COS 118-4
Attitudes towards risk of armed conflict shape conservation successes

Thursday, August 13, 2015: 2:30 PM
319, Baltimore Convention Center
Edd Hammill, Watershed Sciences, Utah State University, Logan, UT
Ayesha Tulloch, Australian National University
Hugh P. Possingham, ARC Centre of Excellence for Environmental Decisions, University of Queensland, St. Lucia, Australia
Niels Strange, University of Copenhagen
Kerrie A. Wilson, School of Biological Sciences, University of Queensland, St Lucia, Australia

The high incidence of armed conflicts in the world’s most biodiverse regions presents difficult conservation challenges. Conflict can detrimentally affect biologically significant ecosystems, especially in relatively pristine protected areas. Focusing on Africa, we combine two estimations of conflict risk (state-level estimates, and a fine-resolution sub-national estimates), with endangered species distributions and land purchasing costs, to identify locations to include in a network of protected areas. For each species, we set a target of conserving 30% of its current range. We quantified the consequences of four different attitudes toward conflict risk: 1 – Ignore risk and identify new protected areas using cost and biodiversity alone. 2 – Avoid risk, where areas above a threshold of risk are deemed unavailable for protection. 3 – Account for risk, where high risk areas can be avoided, or more areas might be purchased to offset predicted losses. 4 – Sensitive to risk, where high risk areas are unavailable and risk is accounted for in the remaining areas (a combination of 2 and 3). For each attitude towards risk we then calculated the number of species deemed successfully conserved, the cost of the reserve network, and the overall predicted return on investment (species conserved per $million)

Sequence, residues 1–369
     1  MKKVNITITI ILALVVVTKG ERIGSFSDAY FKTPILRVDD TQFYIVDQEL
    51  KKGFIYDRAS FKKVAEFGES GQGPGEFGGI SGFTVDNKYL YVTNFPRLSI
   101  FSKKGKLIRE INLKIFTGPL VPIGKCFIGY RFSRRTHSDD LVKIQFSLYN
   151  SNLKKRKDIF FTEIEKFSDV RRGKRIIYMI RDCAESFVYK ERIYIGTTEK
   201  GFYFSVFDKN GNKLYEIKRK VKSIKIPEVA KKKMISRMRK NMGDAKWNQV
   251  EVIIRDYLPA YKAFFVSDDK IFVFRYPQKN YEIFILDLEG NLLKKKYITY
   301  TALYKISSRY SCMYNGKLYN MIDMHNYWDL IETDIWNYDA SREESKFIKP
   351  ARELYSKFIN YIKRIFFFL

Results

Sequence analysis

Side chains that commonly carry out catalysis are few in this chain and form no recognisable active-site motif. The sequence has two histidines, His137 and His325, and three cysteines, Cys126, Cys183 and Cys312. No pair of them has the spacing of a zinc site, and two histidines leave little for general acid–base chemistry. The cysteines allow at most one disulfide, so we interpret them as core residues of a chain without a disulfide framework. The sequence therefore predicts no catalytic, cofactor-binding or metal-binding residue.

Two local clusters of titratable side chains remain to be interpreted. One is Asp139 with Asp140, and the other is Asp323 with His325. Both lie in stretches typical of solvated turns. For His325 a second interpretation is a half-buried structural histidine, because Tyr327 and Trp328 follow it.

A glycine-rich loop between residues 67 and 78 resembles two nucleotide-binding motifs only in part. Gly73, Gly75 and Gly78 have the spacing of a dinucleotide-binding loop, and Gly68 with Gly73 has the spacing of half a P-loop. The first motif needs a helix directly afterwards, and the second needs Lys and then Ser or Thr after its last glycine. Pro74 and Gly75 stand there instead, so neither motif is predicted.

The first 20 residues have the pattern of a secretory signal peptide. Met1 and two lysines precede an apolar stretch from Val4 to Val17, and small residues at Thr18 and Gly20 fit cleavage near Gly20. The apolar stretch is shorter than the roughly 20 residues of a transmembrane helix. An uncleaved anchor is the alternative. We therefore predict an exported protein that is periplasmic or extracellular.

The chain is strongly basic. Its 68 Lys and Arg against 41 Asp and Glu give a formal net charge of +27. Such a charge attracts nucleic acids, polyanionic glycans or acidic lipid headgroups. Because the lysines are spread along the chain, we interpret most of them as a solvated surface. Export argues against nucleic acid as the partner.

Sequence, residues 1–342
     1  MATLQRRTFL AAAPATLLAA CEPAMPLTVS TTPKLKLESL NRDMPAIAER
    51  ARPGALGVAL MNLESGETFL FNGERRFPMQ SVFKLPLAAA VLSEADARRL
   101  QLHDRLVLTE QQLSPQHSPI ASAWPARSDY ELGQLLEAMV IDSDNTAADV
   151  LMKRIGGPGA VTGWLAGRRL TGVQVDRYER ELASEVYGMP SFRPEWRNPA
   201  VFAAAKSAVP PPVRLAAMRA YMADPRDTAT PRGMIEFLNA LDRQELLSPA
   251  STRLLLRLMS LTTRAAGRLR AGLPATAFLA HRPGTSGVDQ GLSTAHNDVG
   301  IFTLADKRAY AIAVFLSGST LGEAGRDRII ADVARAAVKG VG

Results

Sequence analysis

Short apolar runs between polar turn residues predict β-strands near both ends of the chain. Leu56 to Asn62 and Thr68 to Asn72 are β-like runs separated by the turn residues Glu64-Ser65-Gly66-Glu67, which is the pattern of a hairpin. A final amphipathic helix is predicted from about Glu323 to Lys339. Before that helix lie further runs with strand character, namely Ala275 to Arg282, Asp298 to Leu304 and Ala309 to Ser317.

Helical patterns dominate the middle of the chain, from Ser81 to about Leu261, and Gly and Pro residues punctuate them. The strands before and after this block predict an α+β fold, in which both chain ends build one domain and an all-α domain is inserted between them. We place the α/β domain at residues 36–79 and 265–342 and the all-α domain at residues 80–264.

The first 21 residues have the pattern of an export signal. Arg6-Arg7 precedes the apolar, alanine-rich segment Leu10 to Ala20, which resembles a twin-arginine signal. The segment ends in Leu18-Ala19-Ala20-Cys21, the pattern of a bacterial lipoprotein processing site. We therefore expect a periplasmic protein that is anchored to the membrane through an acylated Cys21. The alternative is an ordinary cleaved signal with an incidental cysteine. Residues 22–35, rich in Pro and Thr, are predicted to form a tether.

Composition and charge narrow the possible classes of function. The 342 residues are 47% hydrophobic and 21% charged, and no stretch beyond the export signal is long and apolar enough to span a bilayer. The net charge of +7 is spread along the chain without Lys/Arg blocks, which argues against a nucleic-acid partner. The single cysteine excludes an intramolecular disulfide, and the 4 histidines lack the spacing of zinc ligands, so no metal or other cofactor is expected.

We show that regardless of how it is estimated, ignoring conflict risk would reduce the initial cost of a protected area network, but many areas would be exposed to potentially high levels of armed conflict. Numerical simulations show that relatively high exposure to conflict risk would likely lead to conservation targets being missed, reducing overall return on investment. Opting to avoid conflict-prone areas would not improve either the number of species successfully conserved, or the return on investment. Additionally if national-level estimates of conflict are used, avoiding conflict would lead to multiple species receiving zero protection. Accounting for conflict risk increases the overall cost of the protected area network, however more species are successfully conserved such that return on investment is substantially increased. When a risk sensitive approach is adopted and fine-resolution estimates of risk are used, the highest overall return on investment is achieved. Our results demonstrate that conservation goals are achievable in regions experiencing armed conflict, although would likely involve some exposure to conflict risk. We also demonstrate the value of fine-resolution projections of conflict risk when making management decisions.